Franklin Borough looks to hold in-person voting in November, but outside

A senior center in Franklin Borough has been a general election polling center for years. Councilman Stephen Skellenger says he has a simple solution to keep it that way for the next election.

“We have the facilities, and many towns do, to set up outdoor voting,” Skellenger said. “I actually got the idea when I was out at a restaurant a couple of weeks ago.”

In August, Gov. Phil Murphy issued an executive order requiring vote-by-mail ballots be sent to all active registered voters to cut down on long voting lines during the pandemic. Voters can return their ballots in a drop box or hand it at a polling location on Election Day.

The council of the Borough of Franklin passed a resolution last week calling on the governor to allow them to do traditional voting, but outside.

“With machine voting people are comfortable with that,” Skellenger said.

“If you can sit in a casino in Atlantic City, if people can shop and stand in line at DMV, motor vehicles for eight to 10 hours at a time, go into these antiquated buildings, have to press all the same buttons to make their payments, I want somebody, anyone in this state, to explain to me how and why voting in person is somehow different,” Assemblywoman Holly Schepisi said.

Schepisi believes blocking in-person voting is a political move that has nothing to do with the health and safety of residents.

“Vote-by-mail has always favored the Democrats. And while I don’t think New Jersey is going to be the determining state for purposes of presidential election, we do have at least four or five hotly contested congressional races that can shape and change the entire balance of power in Congress,” Schepisi said.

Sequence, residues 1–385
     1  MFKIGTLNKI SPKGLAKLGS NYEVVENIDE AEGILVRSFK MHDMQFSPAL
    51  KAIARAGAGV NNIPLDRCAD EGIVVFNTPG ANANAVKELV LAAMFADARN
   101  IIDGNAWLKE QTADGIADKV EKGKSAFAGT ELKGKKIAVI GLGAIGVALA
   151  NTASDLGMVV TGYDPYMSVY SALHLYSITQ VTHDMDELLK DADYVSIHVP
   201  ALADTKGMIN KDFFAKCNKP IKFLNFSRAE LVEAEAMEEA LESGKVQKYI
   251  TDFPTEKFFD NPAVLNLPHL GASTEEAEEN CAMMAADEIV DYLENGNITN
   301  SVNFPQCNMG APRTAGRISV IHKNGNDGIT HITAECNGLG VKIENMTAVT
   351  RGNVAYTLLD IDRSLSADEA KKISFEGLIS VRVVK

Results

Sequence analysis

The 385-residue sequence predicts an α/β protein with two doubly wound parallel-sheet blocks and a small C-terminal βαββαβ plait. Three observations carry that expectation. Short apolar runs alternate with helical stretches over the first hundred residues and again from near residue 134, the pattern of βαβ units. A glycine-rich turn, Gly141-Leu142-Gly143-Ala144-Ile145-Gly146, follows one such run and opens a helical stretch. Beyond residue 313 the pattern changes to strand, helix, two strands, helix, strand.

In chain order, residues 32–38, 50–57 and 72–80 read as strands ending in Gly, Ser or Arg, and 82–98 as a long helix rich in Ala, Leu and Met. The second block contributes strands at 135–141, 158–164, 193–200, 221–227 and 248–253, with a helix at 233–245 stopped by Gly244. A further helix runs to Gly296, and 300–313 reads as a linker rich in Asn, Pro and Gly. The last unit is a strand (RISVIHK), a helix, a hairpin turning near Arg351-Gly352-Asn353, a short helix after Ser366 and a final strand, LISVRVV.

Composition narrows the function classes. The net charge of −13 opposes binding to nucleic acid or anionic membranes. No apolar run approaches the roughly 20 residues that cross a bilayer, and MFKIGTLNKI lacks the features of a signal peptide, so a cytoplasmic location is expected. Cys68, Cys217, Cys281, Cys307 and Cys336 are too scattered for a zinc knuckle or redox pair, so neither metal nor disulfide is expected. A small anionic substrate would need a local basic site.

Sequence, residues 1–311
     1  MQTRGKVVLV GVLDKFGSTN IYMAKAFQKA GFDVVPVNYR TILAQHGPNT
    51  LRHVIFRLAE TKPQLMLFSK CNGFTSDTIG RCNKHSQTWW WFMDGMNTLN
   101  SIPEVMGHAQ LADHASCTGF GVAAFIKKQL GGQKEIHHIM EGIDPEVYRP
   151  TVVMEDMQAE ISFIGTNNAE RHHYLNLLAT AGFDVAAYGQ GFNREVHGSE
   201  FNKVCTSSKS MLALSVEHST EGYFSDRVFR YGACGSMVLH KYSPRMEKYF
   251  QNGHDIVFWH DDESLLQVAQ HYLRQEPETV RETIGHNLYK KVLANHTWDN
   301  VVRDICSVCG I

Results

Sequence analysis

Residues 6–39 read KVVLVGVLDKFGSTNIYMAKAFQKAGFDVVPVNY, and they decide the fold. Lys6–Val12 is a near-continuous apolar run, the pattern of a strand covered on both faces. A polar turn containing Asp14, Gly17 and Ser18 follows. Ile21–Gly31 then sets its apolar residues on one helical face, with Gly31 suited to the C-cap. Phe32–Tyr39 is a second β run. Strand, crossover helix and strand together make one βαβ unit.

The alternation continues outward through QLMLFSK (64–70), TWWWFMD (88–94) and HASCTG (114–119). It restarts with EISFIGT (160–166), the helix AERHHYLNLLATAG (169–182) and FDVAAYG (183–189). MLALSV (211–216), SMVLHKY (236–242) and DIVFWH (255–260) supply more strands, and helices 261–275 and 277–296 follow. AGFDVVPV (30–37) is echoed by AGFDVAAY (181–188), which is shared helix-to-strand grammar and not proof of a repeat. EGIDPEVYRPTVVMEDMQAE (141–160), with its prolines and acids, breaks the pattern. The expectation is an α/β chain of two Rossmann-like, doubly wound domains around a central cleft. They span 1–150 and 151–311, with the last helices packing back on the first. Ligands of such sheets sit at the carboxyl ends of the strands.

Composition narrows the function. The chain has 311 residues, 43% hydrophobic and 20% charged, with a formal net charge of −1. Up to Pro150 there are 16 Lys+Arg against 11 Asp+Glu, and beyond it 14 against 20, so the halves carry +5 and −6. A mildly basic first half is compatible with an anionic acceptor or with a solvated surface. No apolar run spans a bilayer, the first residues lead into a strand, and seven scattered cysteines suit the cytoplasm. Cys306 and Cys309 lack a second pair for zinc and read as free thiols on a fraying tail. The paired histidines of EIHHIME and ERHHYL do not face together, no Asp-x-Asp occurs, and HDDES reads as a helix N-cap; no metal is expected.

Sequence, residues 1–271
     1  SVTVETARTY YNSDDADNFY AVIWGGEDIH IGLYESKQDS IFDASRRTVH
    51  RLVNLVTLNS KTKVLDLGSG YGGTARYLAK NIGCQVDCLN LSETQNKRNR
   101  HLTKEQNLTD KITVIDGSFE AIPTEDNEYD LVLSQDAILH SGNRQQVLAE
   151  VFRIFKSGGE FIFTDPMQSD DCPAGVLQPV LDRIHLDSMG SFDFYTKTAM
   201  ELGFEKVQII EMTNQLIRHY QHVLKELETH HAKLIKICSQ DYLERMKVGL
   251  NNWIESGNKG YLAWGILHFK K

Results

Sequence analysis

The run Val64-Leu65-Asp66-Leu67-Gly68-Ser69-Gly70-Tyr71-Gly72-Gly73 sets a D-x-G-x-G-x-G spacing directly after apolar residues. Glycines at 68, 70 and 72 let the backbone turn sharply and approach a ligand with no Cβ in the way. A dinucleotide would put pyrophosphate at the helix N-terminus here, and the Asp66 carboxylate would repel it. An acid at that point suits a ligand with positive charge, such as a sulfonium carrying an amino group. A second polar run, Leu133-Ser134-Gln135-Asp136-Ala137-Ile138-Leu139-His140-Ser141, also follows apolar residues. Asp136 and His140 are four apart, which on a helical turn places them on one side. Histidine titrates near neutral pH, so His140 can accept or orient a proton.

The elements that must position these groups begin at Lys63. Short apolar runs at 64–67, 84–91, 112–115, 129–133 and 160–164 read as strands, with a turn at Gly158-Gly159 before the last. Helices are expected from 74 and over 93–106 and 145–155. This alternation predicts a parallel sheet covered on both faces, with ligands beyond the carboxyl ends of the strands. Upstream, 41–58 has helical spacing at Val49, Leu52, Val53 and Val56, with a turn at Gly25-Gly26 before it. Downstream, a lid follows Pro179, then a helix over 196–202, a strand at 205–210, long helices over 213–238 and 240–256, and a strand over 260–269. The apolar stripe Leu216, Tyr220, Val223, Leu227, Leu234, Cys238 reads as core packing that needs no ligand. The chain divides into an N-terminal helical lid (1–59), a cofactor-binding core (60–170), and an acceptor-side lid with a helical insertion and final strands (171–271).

“There’s no prohibition in our model against showing up on Election Day and voting. Period. It happens to be a paper ballot. That’s the only difference,” the governor said.

The assemblywoman is concerned about potential voter fraud and that mail-in ballots can be counted 10 days before the election. She fears information could leak. It is a crime of the third degree if you disclose information.

“We have at least seven county chairs in the state of New Jersey who are political chairs, who are also on the county Board of Elections, who will be counting these ballots,” Schepisi said.

Skellenger believes his solution is a good middle ground. Franklin resident Bill McNeir is waiting to see how it plays out but he’ll most likely vote by mail.

“I think a lot more people would feel safe with the mail in ballots than coming out physically to vote,” McNeir said. “And what happens with the weather? We don’t know what the weather’s going to be. And if you’re under a tent, are people going to feel comfortable under a tent? How’s the voting going to be? Are these electric machines? How’s the power going to be? All kind of little nuances.”

The councilman says he wants his borough of roughly 5,000 people to have options.